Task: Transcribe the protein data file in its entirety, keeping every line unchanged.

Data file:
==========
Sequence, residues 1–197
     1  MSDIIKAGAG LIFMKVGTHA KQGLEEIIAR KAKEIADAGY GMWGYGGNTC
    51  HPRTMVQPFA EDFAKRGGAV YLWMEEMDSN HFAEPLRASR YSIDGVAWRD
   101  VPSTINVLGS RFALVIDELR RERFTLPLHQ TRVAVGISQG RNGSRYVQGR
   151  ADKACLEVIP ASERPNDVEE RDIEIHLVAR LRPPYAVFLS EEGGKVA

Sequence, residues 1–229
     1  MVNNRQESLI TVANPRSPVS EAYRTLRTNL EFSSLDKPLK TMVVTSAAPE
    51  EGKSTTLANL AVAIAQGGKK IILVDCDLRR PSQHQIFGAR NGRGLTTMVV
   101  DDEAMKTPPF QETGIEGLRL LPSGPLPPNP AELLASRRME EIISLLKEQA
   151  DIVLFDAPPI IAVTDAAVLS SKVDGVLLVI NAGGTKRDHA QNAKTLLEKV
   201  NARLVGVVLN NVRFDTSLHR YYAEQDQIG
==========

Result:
Sequence, residues 1–197
     1  MSDIIKAGAG LIFMKVGTHA KQGLEEIIAR KAKEIADAGY GMWGYGGNTC
    51  HPRTMVQPFA EDFAKRGGAV YLWMEEMDSN HFAEPLRASR YSIDGVAWRD
   101  VPSTINVLGS RFALVIDELR RERFTLPLHQ TRVAVGISQG RNGSRYVQGR
   151  ADKACLEVIP ASERPNDVEE RDIEIHLVAR LRPPYAVFLS EEGGKVA

Sequence, residues 1–229
     1  MVNNRQESLI TVANPRSPVS EAYRTLRTNL EFSSLDKPLK TMVVTSAAPE
    51  EGKSTTLANL AVAIAQGGKK IILVDCDLRR PSQHQIFGAR NGRGLTTMVV
   101  DDEAMKTPPF QETGIEGLRL LPSGPLPPNP AELLASRRME EIISLLKEQA
   151  DIVLFDAPPI IAVTDAAVLS SKVDGVLLVI NAGGTKRDHA QNAKTLLEKV
   201  NARLVGVVLN NVRFDTSLHR YYAEQDQIG